Justice Thomas and Scalia’s dissent criticized the court ruling but majority of opinion was in agreement with the Lawrence v. Texas ruling and remand of Bowers v. Hardwick. Justice Kennedy cited the Dudgeon v. United Kingdom case, which paved way to repeals of anti-sodomy laws in the U.K. The primary argument in the case was that anti-sodomy laws were wrong in claiming that homosexuality is immoral and condemned by Western civilization. Kennedy also emphasized the consenting adults, whether heterosexual or homosexual, have the right to consummate their relationship in whichever way. However, if the individuals involved are minors, the court ruling would and should turn out differently. Although Justice O’Connor agreed with the court ruling but not with Kennedy. O’Connor’s rationale was for the equal protection of citizens, the acknowledgment of rights of people equally regardless of sexual orientation. Thomas and Scalia presented less rational arguments since Scalia’s argument is that homosexual sodomy is not a right that could be claimed. The issue however is whether homosexual sodomy is unconstitutional, not whether it is a right. Thomas, on the other hand, stated that he would choose to repeal the law but in support of the Constitution, he argued that laws do not protect the privacy of individuals in such situations.
Social change has also influenced the court decision for Lawrence v. Texas and remand Bowers v. Hardwick. During the time of the trial, much has changed about the view of homosexuality in society. During the Bowers v. Hardwick, people followed traditional practices and conventional ideas. Social norms then are not the same as social norms now. Before, homosexuality and intercourse between them were considered immoral. Although there are some populations who still believe in the same ideas, many people nowadays are more open, aware, and comfortable about homosexuality and intimacy and relationship issues among them. The same logic applies to the people involved in the case. The involvement of gay rights advocates from various parts of the country made a significant impact on court rulings. Social pressure played an important role in the court ruling for Lawrence v. Texas. The outcomes of such cases rely on how well judges understand the human situation and how attuned they are to contemporary social norms. The active involvement of gay rights advocates allows judges and legislators to know and understand the pleas, situations, and experiences of homosexuals. In a situation where people are highly involved, and not only homosexuals but heterosexuals who support the causes of gay rights movements, judges are called to be more sensitive to situations, especially those that are influenced by societal changes.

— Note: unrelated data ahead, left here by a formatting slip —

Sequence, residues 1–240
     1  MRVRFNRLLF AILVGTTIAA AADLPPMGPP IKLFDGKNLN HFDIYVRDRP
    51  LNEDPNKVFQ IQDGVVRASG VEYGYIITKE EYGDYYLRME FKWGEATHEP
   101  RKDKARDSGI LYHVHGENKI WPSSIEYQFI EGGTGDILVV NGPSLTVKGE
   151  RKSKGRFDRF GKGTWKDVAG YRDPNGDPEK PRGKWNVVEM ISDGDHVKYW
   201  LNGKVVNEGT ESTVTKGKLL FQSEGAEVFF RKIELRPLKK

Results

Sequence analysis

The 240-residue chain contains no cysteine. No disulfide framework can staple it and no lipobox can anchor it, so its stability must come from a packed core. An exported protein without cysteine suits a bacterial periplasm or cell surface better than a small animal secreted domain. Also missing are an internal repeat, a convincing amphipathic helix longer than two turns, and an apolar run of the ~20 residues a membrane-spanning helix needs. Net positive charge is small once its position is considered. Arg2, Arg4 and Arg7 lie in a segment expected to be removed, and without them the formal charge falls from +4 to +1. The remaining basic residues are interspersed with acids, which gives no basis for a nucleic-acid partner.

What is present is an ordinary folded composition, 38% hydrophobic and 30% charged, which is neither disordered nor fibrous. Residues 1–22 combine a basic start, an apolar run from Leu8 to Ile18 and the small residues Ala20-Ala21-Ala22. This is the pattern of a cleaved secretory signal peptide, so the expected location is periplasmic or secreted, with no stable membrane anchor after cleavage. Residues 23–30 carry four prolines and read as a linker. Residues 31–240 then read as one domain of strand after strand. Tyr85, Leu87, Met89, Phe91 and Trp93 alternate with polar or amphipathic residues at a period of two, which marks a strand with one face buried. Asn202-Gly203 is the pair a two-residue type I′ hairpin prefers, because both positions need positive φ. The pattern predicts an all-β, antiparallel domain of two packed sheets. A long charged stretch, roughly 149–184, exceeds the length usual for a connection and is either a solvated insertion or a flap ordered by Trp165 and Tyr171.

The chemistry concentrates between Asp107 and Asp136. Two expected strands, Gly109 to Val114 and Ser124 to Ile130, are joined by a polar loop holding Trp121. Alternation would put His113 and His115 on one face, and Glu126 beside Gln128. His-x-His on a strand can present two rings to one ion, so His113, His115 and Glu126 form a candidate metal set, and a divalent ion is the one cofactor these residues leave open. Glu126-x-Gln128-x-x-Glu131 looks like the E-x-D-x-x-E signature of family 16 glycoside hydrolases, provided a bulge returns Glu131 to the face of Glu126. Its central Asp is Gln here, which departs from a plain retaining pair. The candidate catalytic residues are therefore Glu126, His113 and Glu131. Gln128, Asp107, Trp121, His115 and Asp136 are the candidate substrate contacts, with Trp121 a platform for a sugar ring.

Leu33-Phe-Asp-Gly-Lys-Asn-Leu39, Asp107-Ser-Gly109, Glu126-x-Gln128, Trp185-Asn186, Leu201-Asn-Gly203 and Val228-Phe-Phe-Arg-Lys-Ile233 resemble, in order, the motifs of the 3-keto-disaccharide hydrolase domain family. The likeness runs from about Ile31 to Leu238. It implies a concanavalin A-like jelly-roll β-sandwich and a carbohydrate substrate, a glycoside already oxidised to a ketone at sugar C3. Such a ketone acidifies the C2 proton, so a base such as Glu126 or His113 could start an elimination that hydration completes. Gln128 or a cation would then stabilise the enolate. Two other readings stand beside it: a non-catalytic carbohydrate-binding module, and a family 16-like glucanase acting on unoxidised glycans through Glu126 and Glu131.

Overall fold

The court ruling for Lawrence v. Texas also paved the way for various discussions about its impact on other laws involving prostitution, pornography, etc. (Bagley & Savage, 2009). While considering the cases where Lawrence v. Texas will be stated, arguments could be associated with the philosophical underpinning of libertarianism. Bower v. Hardwick and Lawrence vs. Texas may have focused on standing by clauses in the Fourteenth Amendment that protected privacy, but generally, the majority ruling that supported those claim is grounded on the libertarian philosophy. The rights of individuals as adults who are granted the freedom and personal liberty support the claims of the prosecution of anti-sodomy laws being unconstitutional (Swanson,